1NIHR Nottingham Biomedical Research Centre, Nottingham University Hospitals NHS Trust and University of Nottingham, Nottingham, UK.
2Nottingham Digestive Diseases Centre, Translational Medical Sciences, School of Medicine, University of Nottingham, Nottingham, UK.
3Royal Liverpool and Broadgreen University Hospital NHS Trust, Liverpool, UK.
4Department of Radiology, Nottingham University Hospitals NHS Trust, Nottingham, UK.
5Division of Digestive Diseases, Imperial College London, London, UK.
6Institute of Medical Imaging and Visualisation, Bournemouth University, Bournemouth UK.
Background & aim: HCC has significantly improved outcomes when detected early. Guidelines recommend biannual surveillance with ultrasound (US) and/or AFP in at-risk individuals. This survey aimed to describe HCC surveillance adherence/practices amongst the NHS hospitals in the UK.
Methods: An electronic survey was sent to 79 NHS hospitals via the British Association for the Study of the Liver distribution list. The responses were captured from July 2021 to January 2022. Centres were divided into hepato-pancreato-biliary (HPB) and non-HPB centres, depending on whether the hospital undertakes major liver surgeries.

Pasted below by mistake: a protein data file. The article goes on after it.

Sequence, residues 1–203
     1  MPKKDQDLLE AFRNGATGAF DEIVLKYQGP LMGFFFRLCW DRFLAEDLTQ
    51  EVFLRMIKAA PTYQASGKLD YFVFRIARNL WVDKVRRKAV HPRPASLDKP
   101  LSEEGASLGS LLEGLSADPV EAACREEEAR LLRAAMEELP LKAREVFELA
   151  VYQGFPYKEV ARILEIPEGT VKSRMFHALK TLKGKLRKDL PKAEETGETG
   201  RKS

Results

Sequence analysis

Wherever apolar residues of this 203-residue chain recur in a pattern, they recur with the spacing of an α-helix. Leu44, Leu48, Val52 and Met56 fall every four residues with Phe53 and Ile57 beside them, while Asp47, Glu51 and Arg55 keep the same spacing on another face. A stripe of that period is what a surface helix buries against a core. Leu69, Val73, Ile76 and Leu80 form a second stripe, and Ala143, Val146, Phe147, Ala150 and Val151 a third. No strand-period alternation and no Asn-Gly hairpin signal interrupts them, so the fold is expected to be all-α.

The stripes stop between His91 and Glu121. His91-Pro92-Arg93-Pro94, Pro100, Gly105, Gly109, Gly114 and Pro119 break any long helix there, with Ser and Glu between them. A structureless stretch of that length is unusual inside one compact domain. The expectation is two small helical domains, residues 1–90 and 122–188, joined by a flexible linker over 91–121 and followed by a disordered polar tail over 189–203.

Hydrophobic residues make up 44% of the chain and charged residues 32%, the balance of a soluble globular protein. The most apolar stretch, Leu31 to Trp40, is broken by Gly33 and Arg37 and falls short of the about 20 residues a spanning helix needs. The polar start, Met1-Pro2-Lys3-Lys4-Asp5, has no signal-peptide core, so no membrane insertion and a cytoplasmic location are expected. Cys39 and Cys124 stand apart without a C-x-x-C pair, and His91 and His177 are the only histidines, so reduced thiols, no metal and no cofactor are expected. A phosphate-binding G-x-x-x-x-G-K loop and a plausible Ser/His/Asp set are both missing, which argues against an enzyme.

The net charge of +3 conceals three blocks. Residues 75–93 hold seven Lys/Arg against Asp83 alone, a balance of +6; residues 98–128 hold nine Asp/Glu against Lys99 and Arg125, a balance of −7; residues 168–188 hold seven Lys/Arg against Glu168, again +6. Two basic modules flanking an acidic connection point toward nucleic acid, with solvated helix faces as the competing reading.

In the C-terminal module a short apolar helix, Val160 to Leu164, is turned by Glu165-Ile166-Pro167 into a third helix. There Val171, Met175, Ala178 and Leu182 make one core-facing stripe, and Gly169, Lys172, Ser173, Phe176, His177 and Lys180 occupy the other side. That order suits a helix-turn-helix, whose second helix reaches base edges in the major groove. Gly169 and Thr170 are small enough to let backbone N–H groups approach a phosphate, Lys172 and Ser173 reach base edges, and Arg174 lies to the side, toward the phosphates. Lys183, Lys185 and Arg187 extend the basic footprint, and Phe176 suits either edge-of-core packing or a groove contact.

Results: A total of 39 (49.3%) centres responded: 15 HPB and 24 non-HPB centres from across the UK. HCC surveillance eligibility criteria were universally applied, but heterogeneous approaches occur outside these criteria. Eighty per cent of patients undergoing surveillance were estimated to have cirrhosis. Eighty-five per cent of centres do 6-monthly US and AFP requested by clinicians and liver clinical nurse specialists. Compliance was estimated at 80% but not routinely audited. In most centres, general sonographers and/or radiologists perform surveillance US scans without a standard reporting template, although structured reporting was viewed as desirable by the majority. Poor views on US are approached heterogeneously, with patients variably offered ongoing US, CT, or MRI with different protocols.
Conclusion: Most responding NHS hospitals follow 6-monthly HCC surveillance guidance. Data recording is variable, with limited routine data collection regarding compliance, yield, and quality. Surveillance US is mostly performed by non-HPB specialists without standardised reporting. There is an inconsistent approach to poor views with US surveillance. Even in a universal healthcare system such as NHS, which is free at the point of care, delivery of HCC surveillance has not improved over the last decade and remains variable.